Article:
Distracted driving is a dangerous activity because it removes a person’s focus while operating a machine that is thousands of pounds. Due to the increasing concern over this action, distracted drivers may be subject to civil liability and criminal reprimand.
Types of Distracted Driving
While many people believe that “distracted driving” is synonymous with “texting while driving,” distracted driving can take many forms other than texting while driving. Distractions are often categorized by distractions that remove a person’s hands from the wheel, their eyes or their attention.
Distractions that remove a person’s hands from the wheel include conducting grooming while driving, eating, drinking, reading, adjusting dials in the vehicle, inputting information into a GPS system and any other action that removes the driver’s hands from the wheel. These activities can be dangerous because the driver has less time to move the steering wheel if a danger arises. Many of these same activities may also remove the driver’s eyes from the roadway. Drivers may look at a map, read directions, fiddle with a device or otherwise move their eyes away from the roadway. A common distraction for such drivers is other people in the vehicle whom the driver looks at or interacts with while driving.
Generally, the more senses that a task requires, the more distracting and dangerous it is. This is why texting or using a cell phone while driving is perceived as particularly dangerous. This action usually requires the person to remove his or her hands from the wheel, look at the device and have his or her mental focus on the text.
Distracted Driving Statistics
According to the website distraction.gov, approximately 660,000 drivers are using cell phones or manipulating other electronic devices during any daylight hour. In many accidents, a few seconds makes a significant impact on the accident and whether one even occurs. On average, texting takes a typical driver’s eyes away from the roadway for between four and five seconds.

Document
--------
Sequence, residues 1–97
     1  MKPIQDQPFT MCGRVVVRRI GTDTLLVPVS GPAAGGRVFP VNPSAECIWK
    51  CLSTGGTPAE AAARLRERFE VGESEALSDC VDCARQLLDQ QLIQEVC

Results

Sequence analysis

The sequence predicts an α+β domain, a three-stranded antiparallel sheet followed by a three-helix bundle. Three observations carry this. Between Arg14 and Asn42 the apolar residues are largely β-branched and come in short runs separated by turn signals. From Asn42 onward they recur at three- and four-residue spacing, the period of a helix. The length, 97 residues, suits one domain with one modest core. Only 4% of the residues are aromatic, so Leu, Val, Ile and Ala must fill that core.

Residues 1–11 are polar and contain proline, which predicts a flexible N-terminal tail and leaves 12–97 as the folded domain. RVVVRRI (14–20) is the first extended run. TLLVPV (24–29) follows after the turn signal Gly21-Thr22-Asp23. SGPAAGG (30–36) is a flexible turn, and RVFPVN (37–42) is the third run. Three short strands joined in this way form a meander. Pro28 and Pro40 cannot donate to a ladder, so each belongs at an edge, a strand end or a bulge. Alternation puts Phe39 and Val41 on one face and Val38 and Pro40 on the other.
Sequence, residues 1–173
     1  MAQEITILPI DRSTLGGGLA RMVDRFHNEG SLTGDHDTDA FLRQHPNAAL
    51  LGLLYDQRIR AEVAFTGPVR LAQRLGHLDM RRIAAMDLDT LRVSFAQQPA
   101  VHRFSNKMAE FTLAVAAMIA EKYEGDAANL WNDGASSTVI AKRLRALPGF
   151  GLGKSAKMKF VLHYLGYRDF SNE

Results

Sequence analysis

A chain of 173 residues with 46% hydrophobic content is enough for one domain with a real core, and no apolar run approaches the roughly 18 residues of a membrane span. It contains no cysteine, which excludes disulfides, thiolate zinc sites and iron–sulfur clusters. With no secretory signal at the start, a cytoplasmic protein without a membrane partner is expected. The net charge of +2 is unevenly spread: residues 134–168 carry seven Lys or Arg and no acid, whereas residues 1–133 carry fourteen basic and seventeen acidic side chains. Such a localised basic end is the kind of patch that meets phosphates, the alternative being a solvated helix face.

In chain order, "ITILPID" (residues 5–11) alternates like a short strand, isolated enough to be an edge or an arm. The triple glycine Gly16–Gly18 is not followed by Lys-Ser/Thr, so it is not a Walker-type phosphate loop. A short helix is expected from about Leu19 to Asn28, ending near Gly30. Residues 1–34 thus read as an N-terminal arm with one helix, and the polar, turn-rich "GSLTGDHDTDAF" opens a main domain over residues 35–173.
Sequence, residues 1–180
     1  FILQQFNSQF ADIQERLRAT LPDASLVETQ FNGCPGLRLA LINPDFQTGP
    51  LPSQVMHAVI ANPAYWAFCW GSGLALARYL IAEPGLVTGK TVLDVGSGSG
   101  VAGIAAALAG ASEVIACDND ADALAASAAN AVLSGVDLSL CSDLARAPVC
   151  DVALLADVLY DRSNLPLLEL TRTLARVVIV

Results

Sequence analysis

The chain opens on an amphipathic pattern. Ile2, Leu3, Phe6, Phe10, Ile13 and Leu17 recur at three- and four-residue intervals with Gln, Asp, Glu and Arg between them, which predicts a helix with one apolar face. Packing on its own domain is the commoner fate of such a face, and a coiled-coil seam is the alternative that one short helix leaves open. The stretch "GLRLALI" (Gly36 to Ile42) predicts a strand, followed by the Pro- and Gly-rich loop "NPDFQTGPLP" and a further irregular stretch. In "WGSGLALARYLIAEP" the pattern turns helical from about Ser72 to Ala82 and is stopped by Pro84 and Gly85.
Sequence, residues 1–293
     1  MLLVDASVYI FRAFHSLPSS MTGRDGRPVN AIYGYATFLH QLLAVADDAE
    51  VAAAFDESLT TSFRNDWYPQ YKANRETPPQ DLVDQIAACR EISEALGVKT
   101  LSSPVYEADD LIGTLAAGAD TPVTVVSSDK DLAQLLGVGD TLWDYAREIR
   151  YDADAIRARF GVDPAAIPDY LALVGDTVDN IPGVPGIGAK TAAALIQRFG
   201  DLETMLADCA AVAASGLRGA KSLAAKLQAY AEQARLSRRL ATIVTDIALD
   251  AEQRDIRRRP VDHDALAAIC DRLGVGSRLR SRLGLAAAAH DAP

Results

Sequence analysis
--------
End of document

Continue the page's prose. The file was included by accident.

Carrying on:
In 2011, national estimates showed that over 3,300 people died in accidents that involved distracted drivers. In all of the fatal accidents involving drivers under the age of 20, 11 percent reported they were distracted. In comparison, 21 percent of drivers between the ages of 15 and 19 admitted they were distracted by cell phones. The number of youth deaths caused by distracted driving is greater than such deaths involving drinking and driving.
Most states have responded to the seriousness of distracted driving by passing laws that prohibit texting while driving, using cell phones while driving or participating in other forms of distracted driving. A person who violates such laws may be subject to fines. Additionally, those causing wrecks because of their distractions may be subject to criminal charges if the accident caused a serious injury or death. Despite such laws, many students report that they continue to text while drive even when they live in states that criminalize the act.
Source: https://www.hg.org – Law Articles – Legal articles written by lawyers discussing aspects related to industries, businesses and individuals.
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